Over the coming weeks, The Chamber of Commerce is sitting down with each of the winners from the recent Waikato Chamber of Commerce Business Awards, supported by Foster Construction Group, to find out what they did to stand out from the crowd. This week’s ’Winners’ Insights’ is with Ryan Marra, CEO at DEC Pharmaceutical, winners of the Service Excellence, International Trade and overall Foster Construction Group Supreme Award.
The Waikato has a long, proud history of being a heavy hitter in the agricultural sector, both nationally and internationally. Despite this, some of the region’s globally renowned companies sometimes fly under the radar without receiving the recognition they deserve. DEC Pharmaceutical is one such homegrown hero, a life science business focusing on human and animal health technologies.
DEC is best-known for its patented CIDR implant, a slow-release implant manufactured for use in animals, specifically cows, sheep and goats, which delivered progesterone hormone to the bloodstream. CIDR effectively allows the farmer to synchronise the fertility cycle for their stock in order to complete artificial insemination on the same day.
The company has recently undergone an internal revolution with a leadership change, resulting in a dramatic cultural shift. CEO Ryan Marra credits DEC’s success at the Awards to changes to the operational structure, with a renewed focus on people and transparency.
“We went through all our systems and processes and evaluated them, ensuring we have an easily defined strategy that everyone is aligned with and can buy into. We’ve made it extraordinarily transparent, so at any point, any employee can check the strategy’s progress, including where every individual in the company is at with their goals, from the CEO to interns. It’s served to motivate our team and increase accountability.”
DEC is driven by perfection. They believe technology that advances human and animal technologies must be made, made better, made perfect. The strategy changes have followed this mission, resulting in a 100 percent DIFOT (deliver in full on time) rate with international customers and a first batch failure rate of 0.003 percent.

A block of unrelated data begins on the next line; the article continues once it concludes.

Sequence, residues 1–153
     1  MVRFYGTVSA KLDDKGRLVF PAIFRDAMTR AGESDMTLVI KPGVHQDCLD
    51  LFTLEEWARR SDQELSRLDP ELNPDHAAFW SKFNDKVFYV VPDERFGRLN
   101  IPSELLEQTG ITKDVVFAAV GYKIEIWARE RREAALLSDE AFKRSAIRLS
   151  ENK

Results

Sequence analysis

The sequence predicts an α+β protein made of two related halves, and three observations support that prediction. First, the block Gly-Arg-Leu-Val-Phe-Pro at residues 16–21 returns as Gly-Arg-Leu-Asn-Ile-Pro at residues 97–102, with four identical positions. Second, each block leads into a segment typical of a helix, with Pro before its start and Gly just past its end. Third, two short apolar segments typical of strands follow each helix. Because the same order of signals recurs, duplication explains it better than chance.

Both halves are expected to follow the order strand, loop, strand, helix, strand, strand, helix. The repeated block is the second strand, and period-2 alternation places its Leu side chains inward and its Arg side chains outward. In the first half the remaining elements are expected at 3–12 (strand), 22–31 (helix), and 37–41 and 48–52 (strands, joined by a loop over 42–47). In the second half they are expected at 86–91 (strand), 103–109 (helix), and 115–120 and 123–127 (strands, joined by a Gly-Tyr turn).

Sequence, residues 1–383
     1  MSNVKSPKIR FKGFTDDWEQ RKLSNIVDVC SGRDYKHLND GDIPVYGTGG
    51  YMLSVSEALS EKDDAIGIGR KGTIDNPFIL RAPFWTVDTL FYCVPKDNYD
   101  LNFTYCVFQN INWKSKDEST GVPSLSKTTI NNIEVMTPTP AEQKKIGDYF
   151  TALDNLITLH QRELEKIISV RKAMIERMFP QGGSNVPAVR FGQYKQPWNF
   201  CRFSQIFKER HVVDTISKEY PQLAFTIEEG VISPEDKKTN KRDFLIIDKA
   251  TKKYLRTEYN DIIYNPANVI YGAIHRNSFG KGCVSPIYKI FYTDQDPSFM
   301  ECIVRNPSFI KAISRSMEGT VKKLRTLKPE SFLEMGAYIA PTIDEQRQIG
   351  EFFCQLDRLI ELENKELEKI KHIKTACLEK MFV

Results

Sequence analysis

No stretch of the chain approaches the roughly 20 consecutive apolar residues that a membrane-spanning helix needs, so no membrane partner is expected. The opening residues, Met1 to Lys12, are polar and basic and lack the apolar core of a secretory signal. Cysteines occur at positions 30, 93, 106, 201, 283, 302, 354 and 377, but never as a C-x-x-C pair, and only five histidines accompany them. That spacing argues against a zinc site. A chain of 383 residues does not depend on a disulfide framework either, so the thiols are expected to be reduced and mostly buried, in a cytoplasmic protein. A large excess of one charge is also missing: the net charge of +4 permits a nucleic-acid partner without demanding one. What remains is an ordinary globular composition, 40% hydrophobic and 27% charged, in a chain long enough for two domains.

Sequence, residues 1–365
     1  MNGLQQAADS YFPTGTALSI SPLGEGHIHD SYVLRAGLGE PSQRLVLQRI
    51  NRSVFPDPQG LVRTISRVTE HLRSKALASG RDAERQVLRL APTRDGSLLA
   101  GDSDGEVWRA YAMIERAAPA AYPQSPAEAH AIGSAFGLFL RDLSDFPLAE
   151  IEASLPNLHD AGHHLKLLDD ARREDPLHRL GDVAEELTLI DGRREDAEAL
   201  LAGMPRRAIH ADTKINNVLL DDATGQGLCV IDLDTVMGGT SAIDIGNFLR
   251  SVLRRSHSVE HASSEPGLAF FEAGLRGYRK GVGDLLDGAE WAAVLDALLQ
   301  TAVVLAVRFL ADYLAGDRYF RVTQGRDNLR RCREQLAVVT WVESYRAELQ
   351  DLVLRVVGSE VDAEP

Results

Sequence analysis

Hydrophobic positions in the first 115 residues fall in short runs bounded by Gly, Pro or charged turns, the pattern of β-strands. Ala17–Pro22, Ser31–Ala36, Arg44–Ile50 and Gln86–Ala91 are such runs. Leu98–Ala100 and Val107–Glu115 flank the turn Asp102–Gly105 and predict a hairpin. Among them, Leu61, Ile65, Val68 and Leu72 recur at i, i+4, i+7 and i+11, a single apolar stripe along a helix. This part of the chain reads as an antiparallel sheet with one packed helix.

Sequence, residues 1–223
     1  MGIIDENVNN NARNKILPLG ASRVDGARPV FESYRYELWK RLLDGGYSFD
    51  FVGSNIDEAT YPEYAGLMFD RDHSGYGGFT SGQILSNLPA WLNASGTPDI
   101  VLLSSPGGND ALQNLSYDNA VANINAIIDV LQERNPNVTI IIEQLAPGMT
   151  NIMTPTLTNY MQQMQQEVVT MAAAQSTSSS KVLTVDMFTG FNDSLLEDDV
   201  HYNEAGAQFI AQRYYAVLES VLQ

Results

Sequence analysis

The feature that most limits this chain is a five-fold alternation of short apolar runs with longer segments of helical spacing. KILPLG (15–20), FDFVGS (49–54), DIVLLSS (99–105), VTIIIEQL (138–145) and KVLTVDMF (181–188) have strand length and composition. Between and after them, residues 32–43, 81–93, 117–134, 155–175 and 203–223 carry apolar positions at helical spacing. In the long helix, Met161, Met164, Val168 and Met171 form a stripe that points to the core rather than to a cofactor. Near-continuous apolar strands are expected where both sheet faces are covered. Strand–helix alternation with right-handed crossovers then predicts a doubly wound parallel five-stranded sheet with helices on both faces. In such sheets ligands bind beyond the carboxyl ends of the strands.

Ryan is exceptionally proud of how his team has adapted to the changes in strategy and the results DEC are seeing.
“With the cGMPs (Current Good Manufacturing Practices) in the pharmaceutical industry, there is no opportunity for callbacks or product recalls. What we make deserves nothing less than perfection. Every detail matters, our global clients demand excellence and we settle for no less. Our tightly controlled process ensures that we are doing it once, and we’re doing it right. Our team is a massive reason why we rank number one to Zoetis for contract manufacturing out of 150 global competitors.”
The new strategy focuses on utilising core competencies with the ambitious goal of transitioning into the human space. DEC established a new R&D team to achieve this, prioritising development over research and working with innovators to bring their ideas to life.
“We are just about to put out a funding call. Our animal and human health technology departments will be doing a ‘Dragon’s Den’ style programme to provide funding or mentorship for exciting new healthcare technologies. Whether these are at the early prototype stage or a finalised concept, we want to work with them to ensure quality and scalability by design. This way DEC can partner with innovators and give their technologies the best chance to navigate industry regulations, and get their product off the ground,” said Ryan.
DEC Pharmaceutical’s first time entering the awards was undoubtedly a major success. The opportunity to reflect on their achievements was valuable to Ryan and his team, allowing them to take a step back and evaluate their position and accomplishments.
“We were quite surprised by how much work goes into the application but found the reflection process rewarding, looking back and seeing what we’ve achieved. It can be challenging for a little Kiwi company to blow your own trumpet and put ourselves forward sometimes. We knew we were up against some pretty incredible companies leading their industries globally. I’m so proud of all our past and present employees who have contributed to winning these awards.”
When it comes to living and working in the Waikato, Ryan wouldn’t have it any other way and has some excellent advice for other businesses seeking to grow and develop in the region.
“Waikato people call a spade a spade, we’re loyal to other Waikato businesses, and all want each other to succeed. It’s pretty special. My advice to other businesses in the Waikato is to utilise the resources around you and don’t be afraid to share what you’ve got. Pick your partners well. Sharing your technology with partners helps springboard them quickly, saving them money and decreasing timelines while providing a good pathway forward for both parties. Something you can only do with other partners in the Waikato.”